A Plumber Who Teaches or Teacher of Plumbing? A study to inform a strategy for teacher learning and development, designed to provide opportunity for personalised learning and growth of dual professionalism, whilst also enabling achievement of the strategic plan and vision for a college of general further education in Suffolk.

Kirk, Rachel (2019) A Plumber Who Teaches or Teacher of Plumbing? A study to inform a strategy for teacher learning and development, designed to provide opportunity for personalised learning and growth of dual professionalism, whilst also enabling achievement of the strategic plan and vision for a college of general further education in Suffolk. Doctoral thesis, University of East Anglia.

[img]
Preview
PDF
Download (2MB) | Preview

Abstract

This research project explored the approach and engagement with learning and development by teachers in the Education and Training Sector (ETS). The aim was to investigate and propose a strategy for teacher learning and development which might provide opportunity to meet both the aims of the organisation and individual needs of teachers to grow as dual professionals through teacher/employer negotiation. Underpinning this research was the concept that teacher learning and development should be based upon a model of Continuous Professional Learning (CPL) built upon a framework of constructivism (Wilson, 2014) encouraging andragogical learning (Knowles, 1984), through the use of social learning activities (Steward, 2009).

The project was based at one college in Suffolk using action research as the methodology, within the boundaries of case study. The research methods were questionnaires and group discussions with teachers at the Research College, a group interview with senior managers at the Research College, managers of teacher learning and development at another English college and a college of vocational education in Australia. Secondary evidence included documents from meetings at the Research College, notes from conferences and Ofsted reports.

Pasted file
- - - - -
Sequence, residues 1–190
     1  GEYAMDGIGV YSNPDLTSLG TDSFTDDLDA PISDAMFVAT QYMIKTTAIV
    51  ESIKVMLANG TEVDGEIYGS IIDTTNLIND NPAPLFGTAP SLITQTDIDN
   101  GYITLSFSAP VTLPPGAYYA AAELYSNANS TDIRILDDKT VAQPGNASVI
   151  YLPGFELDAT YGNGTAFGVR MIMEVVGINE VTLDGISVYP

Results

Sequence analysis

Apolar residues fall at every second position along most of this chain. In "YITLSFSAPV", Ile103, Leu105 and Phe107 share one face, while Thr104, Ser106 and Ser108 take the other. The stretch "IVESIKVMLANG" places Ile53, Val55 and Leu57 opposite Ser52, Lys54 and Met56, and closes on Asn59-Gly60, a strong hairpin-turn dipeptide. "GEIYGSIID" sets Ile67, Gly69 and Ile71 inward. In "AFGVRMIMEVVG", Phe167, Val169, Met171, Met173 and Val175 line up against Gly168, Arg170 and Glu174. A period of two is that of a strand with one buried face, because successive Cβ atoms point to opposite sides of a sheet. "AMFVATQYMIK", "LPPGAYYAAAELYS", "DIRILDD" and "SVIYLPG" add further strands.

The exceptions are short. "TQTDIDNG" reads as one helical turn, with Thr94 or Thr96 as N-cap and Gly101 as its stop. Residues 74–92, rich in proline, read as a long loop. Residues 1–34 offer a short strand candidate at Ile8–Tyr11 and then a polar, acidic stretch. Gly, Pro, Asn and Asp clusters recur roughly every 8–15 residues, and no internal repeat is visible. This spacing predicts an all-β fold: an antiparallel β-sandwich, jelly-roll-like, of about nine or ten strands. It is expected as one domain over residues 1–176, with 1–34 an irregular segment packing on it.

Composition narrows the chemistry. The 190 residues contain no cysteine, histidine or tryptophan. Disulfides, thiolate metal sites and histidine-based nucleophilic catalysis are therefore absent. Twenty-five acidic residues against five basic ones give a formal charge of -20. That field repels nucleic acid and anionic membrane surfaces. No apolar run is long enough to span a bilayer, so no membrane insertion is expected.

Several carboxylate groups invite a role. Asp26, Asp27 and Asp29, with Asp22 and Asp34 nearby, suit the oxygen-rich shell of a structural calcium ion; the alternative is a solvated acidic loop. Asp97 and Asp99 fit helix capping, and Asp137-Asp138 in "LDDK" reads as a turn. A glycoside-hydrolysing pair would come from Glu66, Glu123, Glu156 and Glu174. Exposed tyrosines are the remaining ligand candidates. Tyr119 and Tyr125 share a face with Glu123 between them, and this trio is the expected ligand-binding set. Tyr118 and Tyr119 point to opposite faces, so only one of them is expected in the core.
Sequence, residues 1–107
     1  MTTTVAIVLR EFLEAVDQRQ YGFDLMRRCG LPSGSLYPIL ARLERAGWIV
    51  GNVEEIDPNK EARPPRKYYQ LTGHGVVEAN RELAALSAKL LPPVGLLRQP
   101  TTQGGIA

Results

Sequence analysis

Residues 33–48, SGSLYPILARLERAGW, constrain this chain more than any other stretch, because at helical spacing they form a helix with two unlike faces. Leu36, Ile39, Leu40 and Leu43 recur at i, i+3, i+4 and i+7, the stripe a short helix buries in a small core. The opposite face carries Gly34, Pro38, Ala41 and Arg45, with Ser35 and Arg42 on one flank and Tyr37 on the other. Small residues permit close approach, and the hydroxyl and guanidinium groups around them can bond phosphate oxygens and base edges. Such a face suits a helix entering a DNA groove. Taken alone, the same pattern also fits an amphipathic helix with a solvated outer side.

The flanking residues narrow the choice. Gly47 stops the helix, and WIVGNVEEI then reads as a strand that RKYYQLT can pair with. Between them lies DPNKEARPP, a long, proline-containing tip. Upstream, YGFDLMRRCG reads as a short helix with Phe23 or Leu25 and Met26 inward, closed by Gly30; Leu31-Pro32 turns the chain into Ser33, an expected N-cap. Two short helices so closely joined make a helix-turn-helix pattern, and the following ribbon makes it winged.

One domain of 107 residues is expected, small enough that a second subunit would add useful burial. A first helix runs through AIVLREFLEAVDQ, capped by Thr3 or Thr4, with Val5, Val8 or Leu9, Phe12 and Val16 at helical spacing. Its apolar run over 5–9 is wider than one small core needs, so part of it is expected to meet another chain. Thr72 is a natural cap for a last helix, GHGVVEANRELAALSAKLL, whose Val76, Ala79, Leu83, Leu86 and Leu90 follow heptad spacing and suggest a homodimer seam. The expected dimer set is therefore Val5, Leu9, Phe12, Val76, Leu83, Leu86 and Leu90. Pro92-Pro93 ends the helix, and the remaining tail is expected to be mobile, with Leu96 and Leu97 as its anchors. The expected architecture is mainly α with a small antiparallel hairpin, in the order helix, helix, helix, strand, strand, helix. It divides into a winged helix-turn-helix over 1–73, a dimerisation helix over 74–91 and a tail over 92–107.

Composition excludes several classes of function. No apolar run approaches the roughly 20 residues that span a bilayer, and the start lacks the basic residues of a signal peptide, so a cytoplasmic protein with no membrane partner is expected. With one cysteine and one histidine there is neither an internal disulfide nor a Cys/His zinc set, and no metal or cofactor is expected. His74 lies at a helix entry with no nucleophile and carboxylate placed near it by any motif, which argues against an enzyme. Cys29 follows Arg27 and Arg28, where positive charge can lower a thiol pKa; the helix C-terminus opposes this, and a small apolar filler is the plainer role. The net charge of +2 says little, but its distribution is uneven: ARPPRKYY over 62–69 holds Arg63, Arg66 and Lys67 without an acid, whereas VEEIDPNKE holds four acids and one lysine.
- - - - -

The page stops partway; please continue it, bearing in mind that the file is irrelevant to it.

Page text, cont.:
Through the data analysis it became evident that teachers’ reflections on their experiences were negative and they saw teacher learning and development as a ‘done to’ process addressing college need rather than enabling professional growth. Research activity identified the need for organisational learning and development to be on-going but that there should be opportunity to provide learning and development for vocational upskilling and contextual understanding to support growth of dual professionalism. The outcome was a strategy for continuous professional learning which could offer opportunity for personalised and negotiated activity supporting dual professionalism whilst meeting the strategic aims of the college and improving the quality of teaching and learning.

Item Type: Thesis (Doctoral)
Faculty \ School: Faculty of Social Sciences > School of Education and Lifelong Learning
Depositing User: Jennifer Whitaker
Date Deposited: 11 Jun 2019 10:25
Last Modified: 11 Jun 2019 10:25
URI: https://ueaeprints.uea.ac.uk/id/eprint/71309
DOI:

Actions (login required)

View Item View Item